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Dance International
Written by: Lorna Haupt.
10/01/2003

Ideally each pair of pointe shoes should be customed designed and specifically moulded to the dancers foot. This is not possible where dancers are distanced from the manufacturers and most dance students in South Africa will have to purchase stock shoes. It is advisable to find a dance supply shop that carries a large selection of sizes and widths in a variety of styles and brands. With various styles available, choosing a point shoe for the first time will require expert advice. Fitting the first shoe requires that the sales person knows, from experience, how to evaluate the dancers feet. Ideally the teacher should be at this first fitting. Stock shoes are designed to provide different degrees of support for various kind of feet. The dancer/student will have to go through a trial and error process to find the most suitable shoe for her particular foot type. Once however this has been found, a reputable supplier of shoes will be able to order these for future purchase.

Fitting of a Point shoe

Shoes must be fitted in the same weight tights that will be worn for class. Standing flat with both shoes on, the toes must not be restricted in the block, but stretched out straight and not bunched in any way. Standing in 2nd in demi-plie, which stretches the heel & toe, the shoe should feel slightly tight with the big toe just touching the front edge of the block. The block should allow free movement of the toes, yet feel firm, but without pressure. On Demi-pointe the shoe should not slip off, but lie smoothly over the heel. On Full Pointe, the shoe's outer sole should reach the heel, The cup around the heel must feel snug, but not so tight as to cause irritation. The vamp covering the forefoot must be neither too loose or too tight, there should not be a gap when on point.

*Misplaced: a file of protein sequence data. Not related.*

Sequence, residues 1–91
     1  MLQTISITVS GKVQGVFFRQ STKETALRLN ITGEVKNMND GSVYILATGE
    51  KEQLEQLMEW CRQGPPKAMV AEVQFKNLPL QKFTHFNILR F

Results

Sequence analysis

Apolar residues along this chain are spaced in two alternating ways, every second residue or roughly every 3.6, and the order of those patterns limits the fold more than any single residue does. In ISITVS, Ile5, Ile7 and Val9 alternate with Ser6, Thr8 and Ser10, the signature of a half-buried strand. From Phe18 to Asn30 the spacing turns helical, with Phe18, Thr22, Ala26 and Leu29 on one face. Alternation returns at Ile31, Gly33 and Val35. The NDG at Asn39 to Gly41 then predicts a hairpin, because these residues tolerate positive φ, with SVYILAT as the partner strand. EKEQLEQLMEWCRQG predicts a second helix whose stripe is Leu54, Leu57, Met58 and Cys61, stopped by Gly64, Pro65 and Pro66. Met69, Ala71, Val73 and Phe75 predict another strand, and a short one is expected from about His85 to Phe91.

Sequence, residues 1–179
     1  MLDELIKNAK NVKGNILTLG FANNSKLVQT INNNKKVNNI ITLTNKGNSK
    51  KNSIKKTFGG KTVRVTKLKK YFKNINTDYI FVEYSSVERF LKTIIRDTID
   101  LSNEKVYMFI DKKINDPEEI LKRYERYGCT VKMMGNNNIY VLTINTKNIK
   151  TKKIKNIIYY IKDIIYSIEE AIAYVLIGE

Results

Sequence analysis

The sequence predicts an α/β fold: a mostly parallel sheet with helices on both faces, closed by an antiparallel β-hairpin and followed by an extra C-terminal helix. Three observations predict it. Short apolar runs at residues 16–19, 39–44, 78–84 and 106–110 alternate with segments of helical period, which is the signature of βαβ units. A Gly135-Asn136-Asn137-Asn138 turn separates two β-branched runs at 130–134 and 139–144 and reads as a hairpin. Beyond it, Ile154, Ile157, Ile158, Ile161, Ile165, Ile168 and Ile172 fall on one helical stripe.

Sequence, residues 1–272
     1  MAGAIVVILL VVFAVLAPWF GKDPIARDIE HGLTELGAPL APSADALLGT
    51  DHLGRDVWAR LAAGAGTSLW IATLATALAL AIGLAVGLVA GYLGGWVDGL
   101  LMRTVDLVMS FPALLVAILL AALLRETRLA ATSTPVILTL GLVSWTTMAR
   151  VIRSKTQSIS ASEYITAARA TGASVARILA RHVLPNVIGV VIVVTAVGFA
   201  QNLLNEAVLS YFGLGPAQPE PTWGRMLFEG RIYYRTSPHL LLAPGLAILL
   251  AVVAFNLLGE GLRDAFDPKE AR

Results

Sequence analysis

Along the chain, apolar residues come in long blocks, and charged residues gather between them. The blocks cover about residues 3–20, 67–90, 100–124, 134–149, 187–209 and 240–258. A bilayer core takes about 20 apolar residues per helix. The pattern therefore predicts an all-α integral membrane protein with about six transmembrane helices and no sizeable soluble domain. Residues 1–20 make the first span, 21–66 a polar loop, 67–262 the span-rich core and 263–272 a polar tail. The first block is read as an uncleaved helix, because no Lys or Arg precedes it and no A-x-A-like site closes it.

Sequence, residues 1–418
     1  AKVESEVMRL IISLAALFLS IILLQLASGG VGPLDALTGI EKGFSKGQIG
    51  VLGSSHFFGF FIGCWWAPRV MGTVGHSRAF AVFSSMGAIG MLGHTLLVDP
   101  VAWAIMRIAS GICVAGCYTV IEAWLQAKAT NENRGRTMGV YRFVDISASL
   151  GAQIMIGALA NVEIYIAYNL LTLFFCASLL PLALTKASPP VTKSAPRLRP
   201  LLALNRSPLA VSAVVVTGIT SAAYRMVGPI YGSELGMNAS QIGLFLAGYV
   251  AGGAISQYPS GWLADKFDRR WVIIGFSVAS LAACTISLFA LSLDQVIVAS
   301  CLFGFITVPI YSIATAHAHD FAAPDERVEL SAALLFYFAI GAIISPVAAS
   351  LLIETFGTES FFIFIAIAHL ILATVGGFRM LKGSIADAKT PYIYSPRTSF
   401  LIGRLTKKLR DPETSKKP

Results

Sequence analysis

When to start dancing on Pointe

This depends on the pupil's physique and standard of technique acquired. Age is not so much a determining factor as the level of maturity of the body. Metatarsal and Phalangeal bones have cartilage between them. As the body matures cartilage cells disappear and are replaced by bone cells. As cartilage is soft, it could malform in the foot if point work is started too soon. Muscles in the feet must be sufficiently strengthened to manage the extra weight of a pointe shoe. Legs and body must be strong enough to control and maintain the turn-out.

FROM "The Dance Book" by Lorna Haupt.
To order, Tel: (012) 343 9934.






































 

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